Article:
|WikiProject Classical Greece and Rome||(Rated Start-class, Mid-importance)|
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I've removed the following: The pagan state religion had always been linked with the political elite, e.g. from Julius Caesar on the strong man (Princeps since Augustus) has systematically been made Pontifex maximus (the most prestigious but non-professional religious office), but now the state started promoting, in time even imposing, official emperor cults, the legal basis for the persecution of monotheist Christians, so an insult to the 'god' became sacrilegious.
In fact, the "divine" status never meant the person officially declared to be god. The term is adjective and means something "god-like".--Nixer 07:29, 1 October 2006 (UTC)
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* In recent history the term dominate has begun to emerge in retail markets as one companys ability to out service and out produce another company. In some instaces departments in the same company attempt to dominate each other. The best example of this is Luke's Locker in Plano, TX. They have redifined the word dominate to mean excelling in adversity and pulverising any competition. In addtion to dominating the specialty running word many employees are also active participants in distance racing. It is common to hear one competitor say about a Luke's Locker athlete/employee, "I just got my butt dominated." In conclusion what makes dominating a person different than embarassing a person is that dominating is something that is done on a primal level and is more relative to genetic fulfillment than ego stimulation.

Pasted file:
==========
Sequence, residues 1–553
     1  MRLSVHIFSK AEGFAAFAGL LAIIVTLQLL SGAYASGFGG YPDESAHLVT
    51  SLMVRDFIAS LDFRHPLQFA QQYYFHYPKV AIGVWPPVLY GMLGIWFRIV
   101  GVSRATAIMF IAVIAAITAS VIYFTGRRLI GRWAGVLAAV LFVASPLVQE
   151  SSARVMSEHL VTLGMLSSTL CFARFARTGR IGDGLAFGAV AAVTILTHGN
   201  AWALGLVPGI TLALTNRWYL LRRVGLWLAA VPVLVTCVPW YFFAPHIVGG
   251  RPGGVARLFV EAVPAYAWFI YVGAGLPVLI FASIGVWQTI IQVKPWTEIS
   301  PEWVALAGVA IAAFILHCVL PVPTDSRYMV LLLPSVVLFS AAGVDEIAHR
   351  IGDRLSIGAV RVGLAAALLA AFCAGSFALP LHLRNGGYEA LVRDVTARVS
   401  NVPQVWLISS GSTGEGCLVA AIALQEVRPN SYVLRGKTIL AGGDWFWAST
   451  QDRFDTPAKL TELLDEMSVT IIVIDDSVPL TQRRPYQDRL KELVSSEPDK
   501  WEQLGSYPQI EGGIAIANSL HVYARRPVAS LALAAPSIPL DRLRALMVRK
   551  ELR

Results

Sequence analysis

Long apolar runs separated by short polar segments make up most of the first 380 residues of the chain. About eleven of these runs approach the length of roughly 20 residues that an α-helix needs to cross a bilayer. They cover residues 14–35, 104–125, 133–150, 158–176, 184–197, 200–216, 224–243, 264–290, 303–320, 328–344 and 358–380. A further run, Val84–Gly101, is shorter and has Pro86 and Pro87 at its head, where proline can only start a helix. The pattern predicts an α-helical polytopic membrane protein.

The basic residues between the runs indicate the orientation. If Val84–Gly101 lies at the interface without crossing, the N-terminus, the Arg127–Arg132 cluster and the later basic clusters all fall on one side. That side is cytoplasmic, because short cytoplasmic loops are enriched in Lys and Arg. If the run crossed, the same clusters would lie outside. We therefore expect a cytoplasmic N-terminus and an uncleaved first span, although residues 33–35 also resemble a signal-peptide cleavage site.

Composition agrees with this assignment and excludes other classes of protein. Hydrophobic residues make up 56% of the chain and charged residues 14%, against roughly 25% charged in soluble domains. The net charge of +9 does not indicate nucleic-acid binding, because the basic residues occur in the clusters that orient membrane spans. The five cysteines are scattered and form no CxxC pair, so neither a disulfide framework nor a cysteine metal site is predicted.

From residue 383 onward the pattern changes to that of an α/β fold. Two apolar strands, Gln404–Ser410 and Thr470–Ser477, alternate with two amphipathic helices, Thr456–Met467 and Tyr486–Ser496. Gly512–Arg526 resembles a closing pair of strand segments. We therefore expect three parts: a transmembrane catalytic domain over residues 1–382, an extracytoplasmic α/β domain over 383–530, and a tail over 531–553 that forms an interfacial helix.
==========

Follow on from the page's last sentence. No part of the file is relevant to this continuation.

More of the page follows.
Life is hard enough for students, toiling to copy and paste Wikipedia into their essays, without the poor dears having their efforts sabotaged by graffiti. —Preceding unsigned comment added by 18.104.22.168 (talk) 12:48, 20 February 2008 (UTC)
Maybe it could be clarified that in this context "dominate" comes from a 4th-declension (u-stem) Latin abstract noun, and is not really the same word as the verb "to dominate".... AnonMoos (talk) 15:55, 8 April 2008 (UTC)